Under LB 105, the state rather than the county, would have to pay for the costs associated with an autopsy and grand jury when an inmate dies in state custody. This is one of several unfunded mandates that the Legislature will address as we work towards property tax relief. This legislation would help Johnson County, where Tecumseh State Correctional Institution is located.
LB 106, the Livestock Operation Siting & Expansion Act, was introduced to encourage livestock development and expansion, which is extremely important to the economy of our state. The industry in Nebraska hasn’t grown in the past two decades at rates comparable to neighboring states. The legislation would allow counties to use a scoring matrix system for the approval of new or expanding livestock facilities, which would make the process more predictable and consistent throughout the state.
LB 130 would allow projects allocated funding through the Nebraska Resources Development Fund to be eligible for funding from the new Water Sustainability Fund. I will also introduce a bill to appropriate enough funding within the next two years to allow for the completion of these projects. These projects were existing when the new funding system was passed last year. They are important projects that are beneficial for the state and have already been approved through an extensive application process.
LB 145 would eliminate the executive officer licensing requirement, while retaining the ability of the Department of Banking and Finance to suspend the authority of the executive officer or impose fines upon the executive officer for violations of law. Nebraska may be the only state that requires a formal license process.
LB 178 would reduce the valuation of agricultural land by 5% per year for four years, thereby reducing it from 75% to 55% for school district taxation purposes. This is another option that is being presented to look at property tax relief and the high burden placed on agricultural land owners in the support of local schools.
LB 188, which I am introducing again this year, amends our current pursuit law, which was enacted to protect an innocent bystander who gets hurt as a result of a police pursuit. Nebraska is the only state that imposes liability on the law enforcement agency regardless of whether the law enforcement agency was negligent in its pursuit and even when the driver being pursued causes the injury to the “innocent third party”. Under this legislation, a passenger in a fleeing vehicle would not be considered an “innocent third party” if they entered the vehicle knowing that the driver was under the influence, if they are sought to be apprehended by law enforcement or if they are engaged in any illegal activity which would itself result in arrest.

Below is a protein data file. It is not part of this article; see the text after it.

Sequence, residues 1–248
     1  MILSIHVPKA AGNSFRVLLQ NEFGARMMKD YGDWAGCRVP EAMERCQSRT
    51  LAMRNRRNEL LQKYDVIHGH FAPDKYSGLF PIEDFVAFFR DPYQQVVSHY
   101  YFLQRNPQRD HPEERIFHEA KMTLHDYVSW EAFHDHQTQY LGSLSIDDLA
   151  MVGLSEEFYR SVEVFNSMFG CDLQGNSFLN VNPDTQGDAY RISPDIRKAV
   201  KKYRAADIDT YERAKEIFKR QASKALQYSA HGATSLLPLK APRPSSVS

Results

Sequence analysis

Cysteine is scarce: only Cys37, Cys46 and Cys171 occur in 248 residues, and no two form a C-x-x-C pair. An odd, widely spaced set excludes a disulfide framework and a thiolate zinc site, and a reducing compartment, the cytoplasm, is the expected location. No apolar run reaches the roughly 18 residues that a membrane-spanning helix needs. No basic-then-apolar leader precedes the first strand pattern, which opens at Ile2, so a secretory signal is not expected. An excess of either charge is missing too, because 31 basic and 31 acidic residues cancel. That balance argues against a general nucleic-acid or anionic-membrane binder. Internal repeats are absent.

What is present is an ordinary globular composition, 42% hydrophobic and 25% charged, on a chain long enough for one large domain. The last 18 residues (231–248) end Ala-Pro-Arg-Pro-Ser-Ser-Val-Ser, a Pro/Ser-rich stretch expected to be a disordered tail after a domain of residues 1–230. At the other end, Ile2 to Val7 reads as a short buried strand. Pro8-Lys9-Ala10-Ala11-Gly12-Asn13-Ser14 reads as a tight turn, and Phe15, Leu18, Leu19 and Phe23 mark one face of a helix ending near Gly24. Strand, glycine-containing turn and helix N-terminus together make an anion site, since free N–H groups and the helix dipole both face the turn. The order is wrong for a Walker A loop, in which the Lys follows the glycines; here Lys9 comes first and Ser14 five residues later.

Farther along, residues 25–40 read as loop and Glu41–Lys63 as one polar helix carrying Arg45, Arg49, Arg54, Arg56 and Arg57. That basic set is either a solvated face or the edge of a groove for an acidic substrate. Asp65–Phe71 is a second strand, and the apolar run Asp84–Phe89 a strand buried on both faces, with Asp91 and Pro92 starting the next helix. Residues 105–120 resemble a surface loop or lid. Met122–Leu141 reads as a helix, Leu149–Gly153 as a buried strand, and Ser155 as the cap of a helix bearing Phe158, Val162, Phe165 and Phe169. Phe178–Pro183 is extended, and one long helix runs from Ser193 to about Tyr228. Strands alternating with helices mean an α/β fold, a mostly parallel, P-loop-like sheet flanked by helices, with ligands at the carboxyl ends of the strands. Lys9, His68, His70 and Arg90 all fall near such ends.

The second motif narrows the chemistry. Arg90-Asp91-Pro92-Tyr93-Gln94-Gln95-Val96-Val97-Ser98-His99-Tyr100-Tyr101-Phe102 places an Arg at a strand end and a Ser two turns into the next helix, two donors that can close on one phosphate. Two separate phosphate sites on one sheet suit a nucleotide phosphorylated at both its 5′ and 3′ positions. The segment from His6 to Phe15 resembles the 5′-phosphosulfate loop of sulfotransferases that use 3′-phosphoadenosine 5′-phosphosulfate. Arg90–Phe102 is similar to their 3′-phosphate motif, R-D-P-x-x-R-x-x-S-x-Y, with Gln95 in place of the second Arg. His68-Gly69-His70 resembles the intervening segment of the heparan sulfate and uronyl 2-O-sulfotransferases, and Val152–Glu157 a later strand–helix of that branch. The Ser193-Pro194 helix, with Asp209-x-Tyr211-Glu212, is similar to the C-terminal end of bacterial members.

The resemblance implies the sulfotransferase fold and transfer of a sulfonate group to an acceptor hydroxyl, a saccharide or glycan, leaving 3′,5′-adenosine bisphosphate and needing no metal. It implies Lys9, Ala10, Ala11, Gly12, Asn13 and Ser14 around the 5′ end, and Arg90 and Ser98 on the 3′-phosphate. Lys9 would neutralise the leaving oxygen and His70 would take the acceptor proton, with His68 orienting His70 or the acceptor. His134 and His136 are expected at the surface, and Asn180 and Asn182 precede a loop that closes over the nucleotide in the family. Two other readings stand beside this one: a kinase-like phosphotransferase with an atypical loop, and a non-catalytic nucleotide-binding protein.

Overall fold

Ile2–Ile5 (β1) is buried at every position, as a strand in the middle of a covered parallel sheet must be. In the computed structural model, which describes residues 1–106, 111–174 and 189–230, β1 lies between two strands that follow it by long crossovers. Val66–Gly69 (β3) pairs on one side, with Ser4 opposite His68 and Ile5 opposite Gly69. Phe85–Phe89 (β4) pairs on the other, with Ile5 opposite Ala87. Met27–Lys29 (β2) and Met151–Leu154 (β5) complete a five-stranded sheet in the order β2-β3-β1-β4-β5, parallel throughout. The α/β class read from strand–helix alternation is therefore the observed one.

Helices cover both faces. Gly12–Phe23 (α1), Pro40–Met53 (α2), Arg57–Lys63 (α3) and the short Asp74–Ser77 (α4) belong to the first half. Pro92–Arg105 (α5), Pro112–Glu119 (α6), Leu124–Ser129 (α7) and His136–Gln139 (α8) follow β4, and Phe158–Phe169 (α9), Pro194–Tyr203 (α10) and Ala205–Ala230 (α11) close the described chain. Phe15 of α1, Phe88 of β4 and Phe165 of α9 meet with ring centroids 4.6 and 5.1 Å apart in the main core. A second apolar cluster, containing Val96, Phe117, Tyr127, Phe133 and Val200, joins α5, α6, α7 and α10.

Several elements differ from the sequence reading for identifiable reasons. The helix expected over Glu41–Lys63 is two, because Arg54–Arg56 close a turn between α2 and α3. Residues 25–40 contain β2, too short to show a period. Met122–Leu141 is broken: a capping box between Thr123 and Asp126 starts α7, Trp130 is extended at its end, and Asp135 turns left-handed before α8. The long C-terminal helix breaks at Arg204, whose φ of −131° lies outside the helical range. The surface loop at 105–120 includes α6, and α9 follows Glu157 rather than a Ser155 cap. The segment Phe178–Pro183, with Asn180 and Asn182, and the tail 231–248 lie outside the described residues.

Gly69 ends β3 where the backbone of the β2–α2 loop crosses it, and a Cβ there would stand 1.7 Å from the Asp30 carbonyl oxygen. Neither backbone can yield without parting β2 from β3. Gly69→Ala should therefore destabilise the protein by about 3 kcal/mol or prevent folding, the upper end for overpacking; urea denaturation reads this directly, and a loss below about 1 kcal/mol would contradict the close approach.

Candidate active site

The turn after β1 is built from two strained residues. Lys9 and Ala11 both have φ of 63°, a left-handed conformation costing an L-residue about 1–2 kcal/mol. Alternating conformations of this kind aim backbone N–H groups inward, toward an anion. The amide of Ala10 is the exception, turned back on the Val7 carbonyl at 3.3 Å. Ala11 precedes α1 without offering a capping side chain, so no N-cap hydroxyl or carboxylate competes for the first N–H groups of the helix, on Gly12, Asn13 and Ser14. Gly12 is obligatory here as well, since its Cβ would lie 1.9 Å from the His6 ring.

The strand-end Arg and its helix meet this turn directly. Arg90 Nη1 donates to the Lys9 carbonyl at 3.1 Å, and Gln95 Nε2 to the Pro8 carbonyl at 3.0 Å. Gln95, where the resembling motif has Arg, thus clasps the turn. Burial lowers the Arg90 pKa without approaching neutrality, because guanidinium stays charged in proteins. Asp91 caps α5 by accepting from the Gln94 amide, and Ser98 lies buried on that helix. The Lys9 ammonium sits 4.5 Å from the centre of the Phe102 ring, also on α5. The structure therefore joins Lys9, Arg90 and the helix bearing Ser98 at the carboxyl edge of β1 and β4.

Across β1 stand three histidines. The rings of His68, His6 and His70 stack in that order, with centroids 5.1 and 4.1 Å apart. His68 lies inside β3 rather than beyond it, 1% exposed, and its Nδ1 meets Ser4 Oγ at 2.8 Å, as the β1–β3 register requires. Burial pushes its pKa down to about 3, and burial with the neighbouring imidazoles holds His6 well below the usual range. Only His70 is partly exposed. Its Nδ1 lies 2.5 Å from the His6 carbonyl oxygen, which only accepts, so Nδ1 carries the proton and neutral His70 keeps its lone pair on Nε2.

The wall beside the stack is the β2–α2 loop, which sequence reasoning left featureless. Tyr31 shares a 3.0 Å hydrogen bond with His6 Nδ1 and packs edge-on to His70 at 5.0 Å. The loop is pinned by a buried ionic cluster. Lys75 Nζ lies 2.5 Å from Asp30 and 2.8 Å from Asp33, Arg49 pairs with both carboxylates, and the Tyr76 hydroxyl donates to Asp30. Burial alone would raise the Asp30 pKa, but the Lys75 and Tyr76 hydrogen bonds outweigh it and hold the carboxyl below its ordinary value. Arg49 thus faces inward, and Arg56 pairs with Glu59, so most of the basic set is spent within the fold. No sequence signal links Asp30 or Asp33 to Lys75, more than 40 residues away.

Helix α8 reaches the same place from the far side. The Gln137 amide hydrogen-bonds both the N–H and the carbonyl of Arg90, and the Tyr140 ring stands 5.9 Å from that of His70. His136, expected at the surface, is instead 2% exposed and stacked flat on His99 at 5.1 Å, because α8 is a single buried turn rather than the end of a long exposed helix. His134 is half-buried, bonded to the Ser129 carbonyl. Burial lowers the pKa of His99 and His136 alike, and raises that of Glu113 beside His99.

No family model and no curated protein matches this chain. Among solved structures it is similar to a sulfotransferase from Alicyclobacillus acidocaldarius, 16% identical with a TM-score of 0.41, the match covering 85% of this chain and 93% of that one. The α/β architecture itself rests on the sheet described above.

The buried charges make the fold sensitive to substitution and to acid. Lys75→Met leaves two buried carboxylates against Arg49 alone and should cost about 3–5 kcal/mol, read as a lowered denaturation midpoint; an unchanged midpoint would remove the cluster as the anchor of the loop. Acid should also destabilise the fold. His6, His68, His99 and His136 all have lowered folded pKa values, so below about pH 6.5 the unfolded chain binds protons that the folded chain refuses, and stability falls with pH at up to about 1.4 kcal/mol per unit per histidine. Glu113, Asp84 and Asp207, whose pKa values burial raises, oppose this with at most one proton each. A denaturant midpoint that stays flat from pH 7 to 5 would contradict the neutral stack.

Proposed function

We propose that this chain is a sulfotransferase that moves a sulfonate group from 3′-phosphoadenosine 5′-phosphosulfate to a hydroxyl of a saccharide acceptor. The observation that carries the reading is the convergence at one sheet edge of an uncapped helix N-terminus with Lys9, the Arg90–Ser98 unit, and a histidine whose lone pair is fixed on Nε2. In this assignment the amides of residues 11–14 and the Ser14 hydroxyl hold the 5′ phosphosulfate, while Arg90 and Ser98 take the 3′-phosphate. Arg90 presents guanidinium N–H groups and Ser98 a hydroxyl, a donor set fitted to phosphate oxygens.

LB 228 would reduce the corporate income tax rate to the level of the top two brackets of the individual income tax. Other types of companies, such as limited liability companies and Subchapter S corporations are considered “pass-through” organizations under state and federal income tax laws. This is a special business structure that is used to reduce the effects of double taxation, meaning that pass-through entities don’t pay income taxes at the corporate level, only at the individual owners’ level. LB 228 is attempting to level the playing field for the different types of business structures.
LB 229 appropriates funding for the CASA (Court Appointed Special Advocates) program. There are currently 22 CASA programs serving 38 Nebraska counties, with more than 600 volunteers advocating for more than 1,500 Nebraska children. Statistics have shown that a child with a CASA volunteer is more likely to be adopted and less likely to re-enter foster care. The funding would allow the program to continue and grow to serve more counties.
LB 364 would increase the funding appropriated to the Property Tax Credit program, funding the program at $200 million per year. This would translate into an approximate $100 credit for each $100,000 of valuation.
LB 386 would exempt header trailers and seed tenders from sales tax. Agricultural machinery and equipment was permanently exempted from state sales tax beginning in 1992. In 2012, the Department of Revenue issued a revised “Information Guide” ruling that these implements did not qualify for the sales tax exemption. This legislation would clarify that such trailers are exempt, as was the practice before the ruling.
As the bills are introduced, I encourage you to contact me with your thoughts and opinions. I can be reached at District #1, P.O. Box 94604, State Capitol, Lincoln, Nebraska 68509. My email address is email@example.com and my telephone number is (402) 471-2733.